There are four different permissions types supported by the five contracts. When speaking here we'll be using the Item contract for examples, but this works equally well for the other contracts.
  • TokenHolder
  • ParentTokenHolder
  • UpdateAuthority
  • Anybody


In order to do the action, the token on which the action is being taken must be held by the signer of the transaction.


In order to do the action, the token on which the action is being taken must already have a predefined struct (like an ItemClass or an Item) and that struct must have its parent field set to a valid pubkey. That pubkey will point to the ItemClass of another NFT. The signer calling this action must be holding the NFT of that parent ItemClass.


In order to do the action, the update authority of the Metadata of the token (as defined by the Token Metadata program) must be the signer on the transaction.


Anybody can do this action. There are no requirements to be met.

Use cases

These permissiveness types are used to gate every kind of activity there is to do on any object across many of the contracts. In the item contract, for instance, you can set who is allowed to build an instance of an ItemClass, who can update it, who can stake against it, etc.
Here is an example of an ItemClassSettings struct that has several fields/properties that use these permissions:
pub struct ItemClassSettings {
free_build: Option<Boolean>,
children_must_be_editions: Option<Boolean>,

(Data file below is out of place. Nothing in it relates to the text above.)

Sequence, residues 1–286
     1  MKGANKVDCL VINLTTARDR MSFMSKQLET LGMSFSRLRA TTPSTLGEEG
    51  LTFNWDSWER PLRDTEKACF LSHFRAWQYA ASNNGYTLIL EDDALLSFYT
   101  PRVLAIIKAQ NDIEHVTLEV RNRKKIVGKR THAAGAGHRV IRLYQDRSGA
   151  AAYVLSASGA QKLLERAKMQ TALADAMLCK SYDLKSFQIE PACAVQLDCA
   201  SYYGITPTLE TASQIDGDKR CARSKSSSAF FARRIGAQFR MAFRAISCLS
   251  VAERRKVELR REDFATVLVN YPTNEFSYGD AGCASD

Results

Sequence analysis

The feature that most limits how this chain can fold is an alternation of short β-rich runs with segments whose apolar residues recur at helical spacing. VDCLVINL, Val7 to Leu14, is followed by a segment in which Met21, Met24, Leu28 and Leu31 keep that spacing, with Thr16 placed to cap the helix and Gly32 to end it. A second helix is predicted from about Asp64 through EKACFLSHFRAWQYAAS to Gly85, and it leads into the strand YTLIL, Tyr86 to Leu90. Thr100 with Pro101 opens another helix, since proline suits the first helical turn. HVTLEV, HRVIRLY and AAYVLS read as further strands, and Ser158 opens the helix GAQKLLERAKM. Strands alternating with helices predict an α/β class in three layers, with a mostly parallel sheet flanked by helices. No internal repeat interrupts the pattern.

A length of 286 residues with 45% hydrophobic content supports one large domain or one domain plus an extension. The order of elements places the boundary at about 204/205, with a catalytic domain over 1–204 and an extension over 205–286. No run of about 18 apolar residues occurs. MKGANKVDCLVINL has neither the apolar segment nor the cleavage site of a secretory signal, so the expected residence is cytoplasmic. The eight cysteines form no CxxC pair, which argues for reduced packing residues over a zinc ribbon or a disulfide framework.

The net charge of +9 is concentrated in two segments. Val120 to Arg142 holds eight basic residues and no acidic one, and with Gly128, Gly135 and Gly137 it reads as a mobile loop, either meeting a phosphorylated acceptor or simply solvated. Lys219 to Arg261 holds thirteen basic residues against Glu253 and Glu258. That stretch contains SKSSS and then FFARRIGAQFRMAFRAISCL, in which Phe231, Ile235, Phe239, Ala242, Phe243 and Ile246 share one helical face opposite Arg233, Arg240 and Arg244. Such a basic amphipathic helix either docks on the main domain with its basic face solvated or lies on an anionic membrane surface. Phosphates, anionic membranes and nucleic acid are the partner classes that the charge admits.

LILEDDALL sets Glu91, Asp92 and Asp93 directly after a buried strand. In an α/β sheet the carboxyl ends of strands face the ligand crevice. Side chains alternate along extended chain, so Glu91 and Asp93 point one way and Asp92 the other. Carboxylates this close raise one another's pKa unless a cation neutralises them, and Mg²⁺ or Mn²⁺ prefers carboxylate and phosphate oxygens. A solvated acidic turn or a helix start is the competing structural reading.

builder_must_be_holder: Option<Boolean>,
update_permissiveness: Option<Vec<Permissiveness>>,
build_permissiveness: Option<Vec<Permissiveness>>,
staking_warm_up_duration: Option<u64>,
staking_cooldown_duration: Option<u64>,
staking_permissiveness: Option<Vec<Permissiveness>>,
unstaking_permissiveness: Option<Vec<Permissiveness>>,
child_update_propagation_permissiveness: Option<Vec<ChildUpdatePropagationPermissiveness>>,
pub struct Permissiveness {
inherited: InheritanceState,
permissiveness_type: PermissivenessType,
When performing an action against a Raindrops contract, you must specify what type of permissiveness you want to use to do that action and that permissiveness will be checked against the existing array of permissions for the object being manipulated with that contract's endpoint.
The CLI will also use the permissiveness chosen to determine what additional accounts that might be needed to send in the instruction call to prove validity.
Here’s an example configuration file for opening an item escrow, which is the first action one does to create an Item from an ItemClass using the Item contract:
"newItemMint": "DQKJRRHjyiS1DgDuMWtdD2Cy2nbLqEP86sQ8nnBQMv2w",
"itemClassMint": "Hz5x6myaWWSKKzAhh2LHA5YmXExLiyTfj89S9zXyT17M",
"amountToMake": 1,
"namespaceIndex": null,
"buildPermissivenessToUse": { "tokenHolder": true },
"classIndex": 10,
"newItemIndex": 10,
"craftEscrowIndex": 1,
"componentScope": "set1",
"parent": {
"mint": "Hz5x6myaWWSKKzAhh2LHA5YmXExLiyTfj89S9zXyT17M",
"index": 9
"originator": "44kiGWWsSgdqPMvmqYgTS78Mx2BKCWzduATkfY4biU97",
"merkleInfo": null,
"totalSpaceBytes": 200,
"storeMetadataFields": false,
"storeMint": false,
"metadataUpdateAuthority": "44kiGWWsSgdqPMvmqYgTS78Mx2BKCWzduATkfY4biU97",
"components": [
"mint": "5VDCnw9NADV4Bwr2x6wXcyNXU5EuWWksfceUtk7nxubm",
"index": 1
Notice that buildPermissivenessToUse is set to tokenHolder. This means that the ItemClass allows anybody holding the ItemClass NFT to use the ItemClass recipe to turn a non-raindrops NFT into an Item instance of this ItemClass. For instance, if you have an NFT that looks like a potion that you just made on a minting website, that does not mean it is an actual Potion that is used during play by Game X. If you hold the NFT representing the ItemClass for Potion, then you have the right to go through the creation process to turn this freshly minted NFT potion look-alike into an actual Potion that your game client can process during gameplay. At the end of this creation cycle you’ll have an Item PDA seeded to your potion NFT that allows it to be used within the game.